What Are Your Aching Teeth Trying To Tell You?

We are so caught up in our daily lives and work schedules that we generally pay no attention to a minor ache here and there in our teeth. If the toothache is troublesome, we just pop in an over-the-counter pain reliever and set off about our work, as usual, sparing no second thought to the lingering pain in the tooth.

However, many times it happens that this sort of callous attitude towards certain aches and pains might actually lead to serious problems in the future. A toothache is one such thing that we should not ignore. It could be that your aching teeth are trying to convey a more serious message to you. Seemingly small problems with your teeth could actually be a silent cry for help from your body. From the common tooth pain to sore gums to yellow stains on your teeth, every dental problem has a deeper meaning and can lead to a bigger problem if not addressed in time.

Causes of Tooth Aches

Some of the common causes of toothache and tooth sensitivity include:

  • Cavities that have to lead to the tooth to become decayed from inside.
  • Fractured tooth due to some accident.
  • Gum disease that has led to your teeth becoming exposed as the gums recede.
  • Worn fillings that have to be replaced.
  • Tooth decay due to bacterial infection.

Types of Tooth Aches

Types of Tooth Aches & What Are Your Aching Teeth Trying To Tell You?

Sharp Tooth Pain

Pain is usually your body’s way of telling you that something is wrong. If you have ever felt a toothache, you know that it is hard to ignore. Usually, toothaches tend to get worse during the night or while eating. Even extreme temperatures or hard foods can aggravate an existing toothache. Usually, if you experience a sudden toothache in one or more of your teeth, it indicates tooth decay or presence of cavities. Tooth decay happens when certain bacteria that are present in your mouth attack the sugar from your diet and change it into acid, which leads to decaying of the tooth, or even causing holes in your teeth. When these holes become deeper, they cause sensitivity, pain and eventually lead to cavities. If you experience tooth pain once in a while, or if the pain is not restricted to a single spot, then it usually means there is nothing serious going on. However, if the tooth pain becomes consistent and is centered on a particular area, then it is time to pay a visit to the dentist.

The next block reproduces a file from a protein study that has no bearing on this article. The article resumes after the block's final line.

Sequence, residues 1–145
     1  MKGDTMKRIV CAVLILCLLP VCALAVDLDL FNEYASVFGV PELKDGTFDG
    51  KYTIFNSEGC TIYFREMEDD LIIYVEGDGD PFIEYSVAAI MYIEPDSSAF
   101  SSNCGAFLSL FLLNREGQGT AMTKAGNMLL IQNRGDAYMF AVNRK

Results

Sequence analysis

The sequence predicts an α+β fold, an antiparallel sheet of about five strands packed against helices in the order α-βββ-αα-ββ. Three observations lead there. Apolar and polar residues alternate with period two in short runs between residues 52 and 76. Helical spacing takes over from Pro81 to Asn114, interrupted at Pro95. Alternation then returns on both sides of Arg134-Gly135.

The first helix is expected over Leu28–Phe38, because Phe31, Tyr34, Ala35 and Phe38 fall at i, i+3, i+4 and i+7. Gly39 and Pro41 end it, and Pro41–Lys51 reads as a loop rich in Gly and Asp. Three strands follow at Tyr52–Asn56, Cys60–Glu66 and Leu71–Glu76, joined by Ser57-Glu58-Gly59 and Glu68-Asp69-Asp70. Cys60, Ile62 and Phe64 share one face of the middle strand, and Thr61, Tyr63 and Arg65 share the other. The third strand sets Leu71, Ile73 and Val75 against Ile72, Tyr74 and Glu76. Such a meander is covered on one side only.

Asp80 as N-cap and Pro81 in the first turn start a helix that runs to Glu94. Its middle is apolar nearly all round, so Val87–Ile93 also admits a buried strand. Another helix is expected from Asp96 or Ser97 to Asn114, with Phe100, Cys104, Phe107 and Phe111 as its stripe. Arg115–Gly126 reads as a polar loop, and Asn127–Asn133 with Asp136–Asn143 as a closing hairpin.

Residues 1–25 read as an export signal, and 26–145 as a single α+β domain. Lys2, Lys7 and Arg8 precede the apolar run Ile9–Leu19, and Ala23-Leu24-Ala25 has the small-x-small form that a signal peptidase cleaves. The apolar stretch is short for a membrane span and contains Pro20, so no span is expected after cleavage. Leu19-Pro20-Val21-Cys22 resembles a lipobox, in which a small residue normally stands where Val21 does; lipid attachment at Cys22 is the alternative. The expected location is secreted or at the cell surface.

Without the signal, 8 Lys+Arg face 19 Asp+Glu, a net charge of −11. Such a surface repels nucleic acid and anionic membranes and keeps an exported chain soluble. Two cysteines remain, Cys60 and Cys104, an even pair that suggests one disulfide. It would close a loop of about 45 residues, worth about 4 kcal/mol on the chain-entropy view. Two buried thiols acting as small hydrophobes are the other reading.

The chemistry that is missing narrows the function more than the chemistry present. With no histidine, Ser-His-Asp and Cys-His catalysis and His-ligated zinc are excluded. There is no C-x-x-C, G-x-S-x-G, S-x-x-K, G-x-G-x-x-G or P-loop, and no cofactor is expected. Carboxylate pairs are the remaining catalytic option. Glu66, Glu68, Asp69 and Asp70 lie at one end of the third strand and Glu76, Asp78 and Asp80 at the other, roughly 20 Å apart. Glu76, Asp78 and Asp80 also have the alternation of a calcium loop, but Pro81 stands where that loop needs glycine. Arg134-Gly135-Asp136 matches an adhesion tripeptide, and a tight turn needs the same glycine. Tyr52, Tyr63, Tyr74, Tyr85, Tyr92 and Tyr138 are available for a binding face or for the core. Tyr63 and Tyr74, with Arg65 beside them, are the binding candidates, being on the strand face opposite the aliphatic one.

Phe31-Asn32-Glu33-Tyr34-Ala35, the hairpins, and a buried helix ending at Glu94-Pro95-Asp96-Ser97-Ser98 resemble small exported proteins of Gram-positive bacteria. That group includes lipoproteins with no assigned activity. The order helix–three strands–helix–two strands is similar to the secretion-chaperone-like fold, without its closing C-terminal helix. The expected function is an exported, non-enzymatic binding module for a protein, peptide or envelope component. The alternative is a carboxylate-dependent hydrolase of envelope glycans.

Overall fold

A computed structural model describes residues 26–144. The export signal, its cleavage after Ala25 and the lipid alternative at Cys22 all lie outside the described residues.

Throbbing Tooth Pain

If it only lasts a day or two then a throbbing or an achy kind of a tooth pain is not a cause for concern. However, if the pain lasts for more than a week, then it points to the fact that you are clenching or grinding your teeth. If this is the case, then you might benefit from using a night guard before going to sleep. An abscessed tooth, that is a tooth that has an infection, could also cause a throbbing, persistent pain, along with swollen gums or glands. This definitely warrants a visit to the dentist as only a dentist can diagnose it correctly for you.

Stained Teeth

Yellow teeth or stained teeth are usually not a sign for concern. Stains generally develop on the teeth from drinking tea, coffee, or other dark or staining liquids. These can go away with the use of whitening toothpaste or strips, or even having a whitening session done at the dentist. In order to prevent your teeth from getting stained, it is a good idea to rinse or brush your teeth after having such types of liquids. Sometimes, medications also lead to staining of the teeth. Medications usually leave a brownish stain on the teeth. While this does not mean any damage to the teeth, your dentist can, however, take certain cosmetic steps to help you get rid of these teeth stains.

Red or Swollen Gums